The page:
2.2. Field Deployment Setup, Configuration, and Data

Leddar and SR50A instrument testing and snowpack validation were completed at the University of Lethbridge West Castle Field Station (WFS), located in the headwaters of the Oldman River Basin, Alberta, Canada from 2017 (December 14) to 2018 (April 27). The Leddar unit was mounted on the weather station tower coincident with a SR50A such that the beams of the two sensors partially overlapped, as shown in Figure 1a. The ground surface beneath the Leddar and SR50A sensors had a downward slope of 0.07 m over a distance of 3.0 m. Meteorological data was collected at the tower site for wind speed, wind direction, temperature (temp), barometric pressure (BP), relative humidity (RH), and incoming and reflected shortwave (SW) and longwave (LW) radiation (Figure 2). A temperature sensor under the Leddar unit at the ground surface collected ground temperature. A totalizing precipitation gauge located nine meters south of the tower provided cumulative precipitation data.
To validate Leddar and SR50A sensor snow depth measurements, eleven site visits took place from December 21 to April 27. Biweekly to monthly field measurements occurred during the months of December to March. At the onset of snowmelt, sampling was done at a weekly to daily time interval. Snow depth field measurements using a graduated avalanche probe were taken by standing behind the tower out of the sensor field of view and sampled directly under the Leddar unit. Field depth measurements collocated and coincident in time with the Leddar deployment were collected to support and validate both the Leddar and SR50A measurements. Leddar, SR50A, and meteorological data were extracted from the 15-minute timestep dataset for a four-hour time period when field measurements occurred. The mean, minimum, and maximum were calculated for the SR50A. The mean for the Leddar was derived from the mean value of all segments. Minimum and maximum were extracted based on the range of values from all segments of the Leddar sensor.

2.2.1. LeddarTech IS16 (Leddar) Configuration and Laboratory Calibration

The Leddar configuration settings determine the accuracy, precision, and resolution of the emitted and return signals for DTT and intensity measurements (Table 2). The Leddar’s LED pulse rate is 102.4 kHz. The parameter configuration selected maximized the accuracy and precision of object detections that resulted in a maximum range of 21.3 m [24]. “Crosstalk removal” and “object demerging” were both enabled to reduce return signal degradation from objects detected in other segments.
The control and logger system for the Leddar sensor had a similar design to that of [30], wherein the Leddar unit was used for 3D digital canopy foliage sampling. The Leddar unit (Figure 1b) was connected to a Raspberry Pi 3 (RP) running the Raspbian OS through a 2.0, 12 Mbits/s USB cable (Figure 3). A computer program [31] executed Leddar SDK (software development kit) commands to obtain DTT, intensity, and status flag for a 15-minute time step. At the start of the collection interval, the Leddar unit was “turned on” to acquire continuous pulse measurements for a period of one minute. For each measurement, the 16-channel photodetector divided the return signal into separate segments where a full waveform analysis was performed by the Leddar onboard processing chip. The resulting measurement was returned to the RP. The program then went into a “wait” state for the next 14 minutes.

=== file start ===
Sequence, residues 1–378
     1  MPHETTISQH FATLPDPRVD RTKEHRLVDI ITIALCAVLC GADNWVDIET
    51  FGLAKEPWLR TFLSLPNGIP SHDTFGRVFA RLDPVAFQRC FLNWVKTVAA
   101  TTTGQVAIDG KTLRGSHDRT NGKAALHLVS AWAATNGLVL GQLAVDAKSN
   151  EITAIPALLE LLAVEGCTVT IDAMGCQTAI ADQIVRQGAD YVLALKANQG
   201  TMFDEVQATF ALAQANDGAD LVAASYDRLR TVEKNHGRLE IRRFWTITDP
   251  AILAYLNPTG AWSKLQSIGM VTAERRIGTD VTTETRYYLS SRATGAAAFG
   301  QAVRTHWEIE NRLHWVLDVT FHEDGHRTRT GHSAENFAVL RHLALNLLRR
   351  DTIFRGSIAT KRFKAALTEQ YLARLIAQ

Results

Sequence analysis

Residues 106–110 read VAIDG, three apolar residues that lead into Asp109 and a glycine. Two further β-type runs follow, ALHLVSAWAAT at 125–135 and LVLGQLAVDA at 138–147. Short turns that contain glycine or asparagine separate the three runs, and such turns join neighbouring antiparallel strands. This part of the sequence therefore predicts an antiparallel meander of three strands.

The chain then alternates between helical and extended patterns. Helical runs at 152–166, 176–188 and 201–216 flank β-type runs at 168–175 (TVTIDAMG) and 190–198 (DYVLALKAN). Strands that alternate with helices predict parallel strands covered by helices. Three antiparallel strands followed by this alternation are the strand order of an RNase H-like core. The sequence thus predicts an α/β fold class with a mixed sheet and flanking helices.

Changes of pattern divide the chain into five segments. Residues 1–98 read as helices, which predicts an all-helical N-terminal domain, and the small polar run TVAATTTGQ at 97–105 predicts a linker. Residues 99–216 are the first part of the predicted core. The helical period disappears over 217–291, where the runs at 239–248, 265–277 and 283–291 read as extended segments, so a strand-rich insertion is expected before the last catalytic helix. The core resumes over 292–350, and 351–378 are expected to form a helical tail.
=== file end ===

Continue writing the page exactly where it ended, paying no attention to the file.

The RP program converted Leddar range measurements (R) into vertical distance (VT) [32] values using Equation (1).
VT = (Ri + Rc) cos(φ) cos(α + β(i − 8.5) + γ(i − 8.5)2)
Ri is the range measurement of the ith segment, Rc is the fixed shift of the range measurement from the true range, φ is the fixed zenith boresight shift, α is the azimuth boresight shift, β is the ith segment’s angle deviation from the boresight on Leddar beam plane, and γ is the 2nd order non-linear angle deviation (8.5 is the offset to the center of segments 1 to 16). Leddar calibration parameters were determined in the laboratory. The Leddar unit was mounted facing a flat level reference surface with no zenith deviation (φ = 0). Measurements were taken at varying boresight angles (α) and vertical distances (VT) from Leddar optical emitter center to the reference surface. Rc, α, β, and γ are the calibration parameters. VT, Ri, and φ are known values. This made it possible to infer Rc, β, and γ from Equation (1) based on the Gauss–Newton algorithm with Huber robust function [33] to get the best parameter fit in order to evaluate the accuracy of the Leddar measurement.